As someone with a chronic illness that was once misdiagnosed as a psychiatric disorder, but who also does have mental health issues, it’s a constant balancing act trying to understand my brain while convincing doctors that mental illness is only one of my problems.
For eight years, the conclusion was that I was sick because I was depressed. (Since when did depression cause visible joint inflammation?) Even as a kid, I knew better than to believe that.
I was only thirteen the first time a doctor misattributed my physical illness to my poor mental health, but I knew that I knew myself and my body better than a doctor who’d just met me:
“I’m not sick because I’m depressed,” I growled. “I’m depressed because I’m sick.”
Continue reading “What Mental Health Awareness Means When Chronically Ill”
With Easter Week and Passover upon us, I’ve found myself face to face with the very thing my chronic illness has changed the most: my faith.
For years, I would’ve told you it was the most important thing in my life. All through high school, I was a leader in my youth group and involved in several ministries. I used to read scriptures daily because I wanted to learn more about God. I used to pray often because I wanted to be closer to Him. I even used to be enthralled by dense theological tomes, started to teach myself biblical Greek, and at one point considered going into ministry full-time.
But then I got ill.
At seventeen, I suddenly developed an extreme case of OCD. I’d already had OCD smoldering in the background of my mind for six years, which I’d concealed from numerous therapists due to shame, but out of nowhere it became incapacitating and all-consuming.
Continue reading “The One Thing That May Never Recover After My Chronic Illness”
After just one stride, I knew something wasn’t right. I’d always run through anything—be it sickness, rain, or depression—but today was different. Today, in the midst of training for my second half-marathon, my whole body felt like it was made of lead, and no matter how hard I tried I could barely pick up my legs.
I shuffled down the road for two miles before the frustration of a terrible performance got the best of me, and I dragged myself home, now dizzy from exhaustion. I went to bed in the hopes that I could sleep it off… Continue reading “The Plot Twist I Never Expected… And How I’ve Learned to Accept It”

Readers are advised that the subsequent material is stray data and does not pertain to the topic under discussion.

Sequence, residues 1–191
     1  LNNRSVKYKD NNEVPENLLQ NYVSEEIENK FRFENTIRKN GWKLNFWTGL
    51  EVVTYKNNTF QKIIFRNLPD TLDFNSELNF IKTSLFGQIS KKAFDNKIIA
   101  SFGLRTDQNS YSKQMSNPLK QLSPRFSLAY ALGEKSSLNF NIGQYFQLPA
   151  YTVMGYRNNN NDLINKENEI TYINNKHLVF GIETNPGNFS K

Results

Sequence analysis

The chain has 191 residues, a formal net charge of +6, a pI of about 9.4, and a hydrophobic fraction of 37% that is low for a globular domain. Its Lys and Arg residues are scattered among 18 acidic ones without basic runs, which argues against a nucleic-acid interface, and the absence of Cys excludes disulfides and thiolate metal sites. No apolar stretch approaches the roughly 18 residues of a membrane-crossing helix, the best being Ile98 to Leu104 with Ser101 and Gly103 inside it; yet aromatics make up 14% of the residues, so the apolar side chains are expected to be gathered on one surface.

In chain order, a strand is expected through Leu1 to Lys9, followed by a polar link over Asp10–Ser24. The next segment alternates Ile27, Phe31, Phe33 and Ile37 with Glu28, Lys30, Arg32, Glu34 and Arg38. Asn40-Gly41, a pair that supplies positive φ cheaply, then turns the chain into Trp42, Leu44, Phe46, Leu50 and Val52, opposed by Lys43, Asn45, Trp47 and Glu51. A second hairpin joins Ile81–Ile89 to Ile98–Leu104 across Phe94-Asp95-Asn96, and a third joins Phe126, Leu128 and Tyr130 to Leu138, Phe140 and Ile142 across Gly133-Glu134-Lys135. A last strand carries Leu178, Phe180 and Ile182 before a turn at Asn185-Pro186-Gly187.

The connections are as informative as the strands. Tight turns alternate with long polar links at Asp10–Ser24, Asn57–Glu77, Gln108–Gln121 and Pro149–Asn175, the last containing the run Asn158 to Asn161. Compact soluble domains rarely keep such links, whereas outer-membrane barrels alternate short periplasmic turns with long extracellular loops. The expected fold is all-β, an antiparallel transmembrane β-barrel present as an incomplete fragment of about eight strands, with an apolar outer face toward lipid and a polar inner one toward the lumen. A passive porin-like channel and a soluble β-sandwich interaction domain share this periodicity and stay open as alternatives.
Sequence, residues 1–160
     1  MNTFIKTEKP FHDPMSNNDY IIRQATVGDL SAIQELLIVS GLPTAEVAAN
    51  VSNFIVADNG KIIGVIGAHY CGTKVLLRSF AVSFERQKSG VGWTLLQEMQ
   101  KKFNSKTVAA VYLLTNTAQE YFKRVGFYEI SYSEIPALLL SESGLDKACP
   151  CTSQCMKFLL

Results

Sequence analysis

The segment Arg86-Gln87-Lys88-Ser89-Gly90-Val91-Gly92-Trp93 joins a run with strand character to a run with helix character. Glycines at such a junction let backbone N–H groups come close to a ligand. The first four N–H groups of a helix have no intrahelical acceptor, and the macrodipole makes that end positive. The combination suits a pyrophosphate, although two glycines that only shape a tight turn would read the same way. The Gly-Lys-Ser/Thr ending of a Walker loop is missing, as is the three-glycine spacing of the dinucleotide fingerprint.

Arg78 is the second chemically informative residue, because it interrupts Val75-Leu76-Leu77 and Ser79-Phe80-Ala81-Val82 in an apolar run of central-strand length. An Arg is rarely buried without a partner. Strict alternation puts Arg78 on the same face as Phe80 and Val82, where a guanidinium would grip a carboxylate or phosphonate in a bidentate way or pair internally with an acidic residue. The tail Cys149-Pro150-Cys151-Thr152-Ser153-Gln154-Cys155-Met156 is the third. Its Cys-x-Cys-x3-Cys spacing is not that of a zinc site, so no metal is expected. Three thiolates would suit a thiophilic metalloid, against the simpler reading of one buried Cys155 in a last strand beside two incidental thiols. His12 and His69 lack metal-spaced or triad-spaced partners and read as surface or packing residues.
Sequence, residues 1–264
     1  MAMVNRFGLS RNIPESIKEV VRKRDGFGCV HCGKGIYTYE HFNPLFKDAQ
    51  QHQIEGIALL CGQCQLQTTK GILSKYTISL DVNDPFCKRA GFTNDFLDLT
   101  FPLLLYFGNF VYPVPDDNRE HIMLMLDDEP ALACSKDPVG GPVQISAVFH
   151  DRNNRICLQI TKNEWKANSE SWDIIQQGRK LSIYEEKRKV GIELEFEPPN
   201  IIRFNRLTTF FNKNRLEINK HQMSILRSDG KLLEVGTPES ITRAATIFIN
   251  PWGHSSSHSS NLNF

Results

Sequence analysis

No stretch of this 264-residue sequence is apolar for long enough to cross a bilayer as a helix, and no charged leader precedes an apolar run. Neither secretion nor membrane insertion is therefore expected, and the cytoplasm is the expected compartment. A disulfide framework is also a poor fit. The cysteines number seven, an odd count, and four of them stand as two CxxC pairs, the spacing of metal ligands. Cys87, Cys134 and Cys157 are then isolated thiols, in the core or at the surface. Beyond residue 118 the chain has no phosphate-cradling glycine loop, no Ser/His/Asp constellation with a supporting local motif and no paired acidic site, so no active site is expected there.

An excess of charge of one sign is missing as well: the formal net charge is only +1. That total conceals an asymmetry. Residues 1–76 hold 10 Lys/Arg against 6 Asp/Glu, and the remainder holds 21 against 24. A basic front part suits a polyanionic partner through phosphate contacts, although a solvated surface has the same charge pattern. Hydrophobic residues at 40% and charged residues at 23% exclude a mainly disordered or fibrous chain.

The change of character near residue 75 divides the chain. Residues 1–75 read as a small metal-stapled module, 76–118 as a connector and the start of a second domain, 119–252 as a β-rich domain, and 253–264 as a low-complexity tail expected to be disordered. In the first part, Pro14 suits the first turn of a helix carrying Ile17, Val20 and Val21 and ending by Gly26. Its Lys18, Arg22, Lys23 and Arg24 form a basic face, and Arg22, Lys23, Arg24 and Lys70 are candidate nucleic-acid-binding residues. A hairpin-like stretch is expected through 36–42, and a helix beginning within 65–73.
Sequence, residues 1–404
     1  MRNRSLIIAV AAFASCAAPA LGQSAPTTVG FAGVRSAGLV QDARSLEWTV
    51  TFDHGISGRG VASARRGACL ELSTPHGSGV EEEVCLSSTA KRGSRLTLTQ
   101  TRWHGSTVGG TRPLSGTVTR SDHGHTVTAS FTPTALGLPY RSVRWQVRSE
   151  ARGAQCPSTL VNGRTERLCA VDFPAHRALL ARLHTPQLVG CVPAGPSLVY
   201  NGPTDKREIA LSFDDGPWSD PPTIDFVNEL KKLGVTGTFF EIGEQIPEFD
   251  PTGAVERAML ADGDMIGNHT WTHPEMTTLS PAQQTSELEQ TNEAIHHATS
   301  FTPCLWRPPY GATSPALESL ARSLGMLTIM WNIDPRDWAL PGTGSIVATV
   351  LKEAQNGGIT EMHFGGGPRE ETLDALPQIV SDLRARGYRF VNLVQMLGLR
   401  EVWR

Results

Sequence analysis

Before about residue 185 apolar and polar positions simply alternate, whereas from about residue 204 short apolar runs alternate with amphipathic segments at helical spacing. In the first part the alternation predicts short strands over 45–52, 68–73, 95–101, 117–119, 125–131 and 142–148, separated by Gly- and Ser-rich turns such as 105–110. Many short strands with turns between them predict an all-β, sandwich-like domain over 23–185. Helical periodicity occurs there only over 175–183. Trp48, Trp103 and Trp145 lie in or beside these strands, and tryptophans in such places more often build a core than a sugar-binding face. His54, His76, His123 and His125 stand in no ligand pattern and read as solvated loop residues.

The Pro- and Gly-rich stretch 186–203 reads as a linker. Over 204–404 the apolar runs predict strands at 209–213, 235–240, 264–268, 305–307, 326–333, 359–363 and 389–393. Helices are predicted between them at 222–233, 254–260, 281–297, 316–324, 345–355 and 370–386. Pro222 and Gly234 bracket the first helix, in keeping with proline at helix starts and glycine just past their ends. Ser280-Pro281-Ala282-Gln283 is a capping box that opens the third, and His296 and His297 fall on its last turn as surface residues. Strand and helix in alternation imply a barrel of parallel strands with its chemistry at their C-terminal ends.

Last month, after finishing my first semester of grad school, the dread of having to come back in January to do it all over again drowned out any sense of accomplishment. Although I liked my colleagues, the truth is that I was miserable so much of that fall. And until now, I didn’t know why.
Continue reading “Facing The What-If’s of Chronic Illness: Why Do Grad School While Sick?”
As I opened my eyes to the morning sunlight peeking through my blinds, for a feel blissful seconds, I forgot the many reasons I shouldn’t feel as calm as I did in that moment. But not a minute later, it all came rushing back, and my stomach did a somersault.
I rolled over and saw a missed call from my infusion pharmacy, and all at once I remembered the horrible quandary I’m in. I remembered the unfortunate events that led to it. And worst of all, I remembered that losing access to monthly IVIG treatments could mean I was on the verge of a relapse that would make me lose my mind. Continue reading “The Questions No One Should Have to Ask: Life on the Verge of Relapse”
“How’s grad school going?” my friend from home asked.
“I mean—I’m glad I’m trying it,” I stammered, going on about a few highlights.
“But do you like it?” she pressed.
The truth is that I’d been afraid to ask myself this very question, because I was afraid to learn the answer….
But first, how is grad school going?
Continue reading “How I Tackle Grad School with Cognitive Problems from PANS”
For the last twelve years of being sick, I’ve been embarrassed by all of the ways my disease makes me “different” from everyone else. I may try to fit in, but I’m always waiting for the moment when people discover the truth about me.
From not being able to attend public high school, to going to therapy and appointments instead of hanging out with friends, to living with OCD and chronic pain, my experiences as a person with PANS and Lyme have isolated me from my peers when all I wanted was to be “normal” and feel accepted. Continue reading “My Illness Made Me Feel Like a Freak: Why I’m Done Trying to Be “Normal””
Today is PANS Awareness Day 2018. There’s so much I could write as someone who has lived with PANS for most of my life—even more than I’ve already said in the 100,000+ words I’ve written in previous posts on this blog.
However, I’m doing things differently this year, and instead of posting about PANS awareness, I’m going to speak on national talk radio. I’ll be interviewed on Worcester, Massachusetts’s John DiPietro show along with some New England PANS Association board members and a PANS parent. Continue reading “On the Radio Today! A Special for PANS Awareness Day 2018”
I have a disability.
I never thought those four words would describe me, especially at twenty-three, but in my first few days as a graduate student, they’ve become a heavy truth I have no choice but to accept—and at the same time, they’ve turned into a statement of empowerment.
Continue reading “8 Essentials for University Success with a Disability: How to Build a Bulletproof Support System”
In the last couple of months, I’ve had a breakthrough in my recovery. After being mostly couch-bound since January, I’m now able to run. And my cognitive abilities have improved so much that I just finished a small project. So many things I’ve hoped for have become reality!
I thought I’d feel nothing but elation if I ever got back to this point, but instead, now that I’m here…
I’ve found a dark side that no one wants to talk about.
Continue reading “When Getting Better Hurts More Than Staying Sick: The Paradox of Recovery”